John Glover is Humanities Research Librarian at the Virginia Commonwealth University James Branch Cabell Library in Richmond, Virginia. John has been an ACRL member since 2006 and is your ACRL member of the week for November 24, 2014.
1. Describe yourself in three words: Creative, inquisitive, patient.
2. What are you currently reading (or listening to on your mobile device)?Too many things, as always. Ana Kai Tangata, by Scott Nicolay. Far From Streets, by Michael Griffin. The Luminol Reels, by Laura Ellen Joyce. Seam, by Tarfia Faizullah. Social Network Analysis, by John Scott. New Critical Essays on H.P. Lovecraft, edited by David Simmons. Jeff VanderMeer’s Southern Reach trilogy.
3. Describe ACRL in three words: Supportive, connected, metamorphic.
4. What do you value about ACRL? I value the way that ACRL provides a guiding light for the ecosystem that supports college and research libraries. Donors, technologists, librarians, staff members, administrators, library school students, trustees, vendors, programmers, managers, patrons, and other library supporters: I’ve met and learned from all of these people in ACRL-sponsored venues, whether conferences, webinars, or publications.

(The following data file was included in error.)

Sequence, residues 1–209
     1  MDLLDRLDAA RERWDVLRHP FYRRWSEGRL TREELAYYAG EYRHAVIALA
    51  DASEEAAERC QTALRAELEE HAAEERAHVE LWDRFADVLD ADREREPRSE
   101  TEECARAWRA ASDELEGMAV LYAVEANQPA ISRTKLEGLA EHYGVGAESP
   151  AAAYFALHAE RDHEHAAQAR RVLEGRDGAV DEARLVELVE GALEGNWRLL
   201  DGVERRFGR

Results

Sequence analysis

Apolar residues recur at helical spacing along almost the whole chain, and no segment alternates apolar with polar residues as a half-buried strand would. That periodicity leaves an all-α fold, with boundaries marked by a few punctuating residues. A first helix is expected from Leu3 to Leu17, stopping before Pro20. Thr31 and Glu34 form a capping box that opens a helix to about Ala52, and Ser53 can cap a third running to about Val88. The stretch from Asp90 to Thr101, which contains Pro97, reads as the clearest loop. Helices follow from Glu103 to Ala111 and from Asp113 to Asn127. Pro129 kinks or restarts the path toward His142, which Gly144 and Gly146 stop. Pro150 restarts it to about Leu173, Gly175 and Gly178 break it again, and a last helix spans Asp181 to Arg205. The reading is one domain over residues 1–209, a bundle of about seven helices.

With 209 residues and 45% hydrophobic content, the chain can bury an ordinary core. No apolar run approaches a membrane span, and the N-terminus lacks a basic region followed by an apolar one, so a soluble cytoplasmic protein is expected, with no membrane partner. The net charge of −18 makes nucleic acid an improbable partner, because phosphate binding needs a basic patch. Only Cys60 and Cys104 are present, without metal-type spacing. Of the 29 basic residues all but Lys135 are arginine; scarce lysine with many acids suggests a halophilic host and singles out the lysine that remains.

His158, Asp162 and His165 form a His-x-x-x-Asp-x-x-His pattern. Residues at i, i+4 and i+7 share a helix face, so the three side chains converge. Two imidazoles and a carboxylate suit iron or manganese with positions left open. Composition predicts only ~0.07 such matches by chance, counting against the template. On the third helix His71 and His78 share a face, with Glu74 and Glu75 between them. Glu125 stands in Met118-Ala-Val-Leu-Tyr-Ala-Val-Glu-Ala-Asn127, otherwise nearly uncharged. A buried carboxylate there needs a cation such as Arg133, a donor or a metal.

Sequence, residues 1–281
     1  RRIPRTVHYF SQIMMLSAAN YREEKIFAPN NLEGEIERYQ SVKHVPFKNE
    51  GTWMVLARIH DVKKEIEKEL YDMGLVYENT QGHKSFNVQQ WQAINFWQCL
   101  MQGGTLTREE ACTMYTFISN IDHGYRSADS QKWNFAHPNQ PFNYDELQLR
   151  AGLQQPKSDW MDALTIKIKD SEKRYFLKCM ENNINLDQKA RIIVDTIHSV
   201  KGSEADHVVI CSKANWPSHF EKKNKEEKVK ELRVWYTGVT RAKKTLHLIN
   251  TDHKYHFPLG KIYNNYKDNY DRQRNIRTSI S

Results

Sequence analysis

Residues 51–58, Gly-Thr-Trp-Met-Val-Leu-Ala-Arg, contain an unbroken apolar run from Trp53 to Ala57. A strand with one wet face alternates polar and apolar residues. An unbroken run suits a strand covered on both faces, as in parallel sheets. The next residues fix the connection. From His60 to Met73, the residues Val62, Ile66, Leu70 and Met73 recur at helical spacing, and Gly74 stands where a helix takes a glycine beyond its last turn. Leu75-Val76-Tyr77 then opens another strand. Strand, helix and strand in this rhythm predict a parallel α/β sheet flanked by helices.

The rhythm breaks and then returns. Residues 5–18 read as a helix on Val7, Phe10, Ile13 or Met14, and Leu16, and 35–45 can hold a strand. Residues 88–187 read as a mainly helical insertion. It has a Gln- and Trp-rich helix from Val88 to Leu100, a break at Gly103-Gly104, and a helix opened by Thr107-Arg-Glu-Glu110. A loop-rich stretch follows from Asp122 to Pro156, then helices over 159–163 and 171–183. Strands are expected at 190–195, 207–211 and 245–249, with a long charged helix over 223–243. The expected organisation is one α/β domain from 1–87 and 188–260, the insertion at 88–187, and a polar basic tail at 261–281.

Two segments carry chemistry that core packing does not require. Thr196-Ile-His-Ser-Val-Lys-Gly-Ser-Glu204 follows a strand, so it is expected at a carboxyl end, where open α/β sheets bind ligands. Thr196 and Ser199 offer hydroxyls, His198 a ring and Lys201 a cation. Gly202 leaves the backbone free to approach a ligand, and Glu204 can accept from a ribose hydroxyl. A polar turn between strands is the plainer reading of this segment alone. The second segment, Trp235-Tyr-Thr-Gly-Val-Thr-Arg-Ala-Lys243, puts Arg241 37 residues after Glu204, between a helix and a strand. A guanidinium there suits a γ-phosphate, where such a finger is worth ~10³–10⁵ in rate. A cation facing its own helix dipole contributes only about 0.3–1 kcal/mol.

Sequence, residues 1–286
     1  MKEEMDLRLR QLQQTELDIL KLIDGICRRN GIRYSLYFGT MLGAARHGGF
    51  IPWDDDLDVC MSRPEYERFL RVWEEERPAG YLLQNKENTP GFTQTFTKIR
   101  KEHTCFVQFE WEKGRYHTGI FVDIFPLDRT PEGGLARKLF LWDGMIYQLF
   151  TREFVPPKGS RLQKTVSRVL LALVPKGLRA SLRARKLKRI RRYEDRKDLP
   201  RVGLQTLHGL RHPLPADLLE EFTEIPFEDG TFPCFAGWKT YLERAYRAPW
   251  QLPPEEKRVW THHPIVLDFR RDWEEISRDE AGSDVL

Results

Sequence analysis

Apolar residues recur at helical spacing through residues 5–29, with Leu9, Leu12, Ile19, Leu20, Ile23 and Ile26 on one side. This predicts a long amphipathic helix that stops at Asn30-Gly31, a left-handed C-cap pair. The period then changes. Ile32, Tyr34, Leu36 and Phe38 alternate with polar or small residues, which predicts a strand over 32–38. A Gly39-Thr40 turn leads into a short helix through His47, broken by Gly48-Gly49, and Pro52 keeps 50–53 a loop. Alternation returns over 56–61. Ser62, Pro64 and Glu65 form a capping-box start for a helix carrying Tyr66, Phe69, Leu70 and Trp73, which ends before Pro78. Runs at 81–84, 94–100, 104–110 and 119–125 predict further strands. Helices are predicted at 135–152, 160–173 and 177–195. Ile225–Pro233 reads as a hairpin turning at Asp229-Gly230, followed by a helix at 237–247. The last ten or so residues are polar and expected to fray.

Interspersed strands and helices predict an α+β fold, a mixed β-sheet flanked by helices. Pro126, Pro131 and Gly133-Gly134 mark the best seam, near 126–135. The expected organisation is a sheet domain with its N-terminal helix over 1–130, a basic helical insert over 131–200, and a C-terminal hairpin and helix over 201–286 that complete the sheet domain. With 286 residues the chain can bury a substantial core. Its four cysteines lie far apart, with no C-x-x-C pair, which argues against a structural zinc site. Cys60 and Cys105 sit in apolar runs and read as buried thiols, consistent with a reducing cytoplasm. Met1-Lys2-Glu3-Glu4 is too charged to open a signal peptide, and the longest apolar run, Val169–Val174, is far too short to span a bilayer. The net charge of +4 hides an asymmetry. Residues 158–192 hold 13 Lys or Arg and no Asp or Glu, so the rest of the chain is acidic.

5. What do you as an academic librarian contribute to your campus? I run a one-of-a-kind matchmaking service for patrons in the humanities, connecting my people with whatever they need, be it a book, person, database, program, website, or otherwise. Having done that, I help them to understand the ever-multiplying, ever-expanding systems that contain these things, up until the point where they have enough knowledge to navigate the chaos on their own.
6. In your own words: When I come to a fork in the road, I usually take it! Academic libraries are wonderful—endlessly diverting—and they contain something of the entire world. As such, when I encounter anything odd, whether it’s a foreign idea, mystifying item record, or student asking for something libraries don’t carry (chocolate parrots! Lamborghini can openers!), I start digging. And I dig. And I keep on digging, partly because it’s fun, but partly because it may mean an opportunity to change or improve things for our patrons. People will usually tell you that chocolate parrots don’t belong in the library (and they may be right), but the search and discussion will inevitably prove useful.
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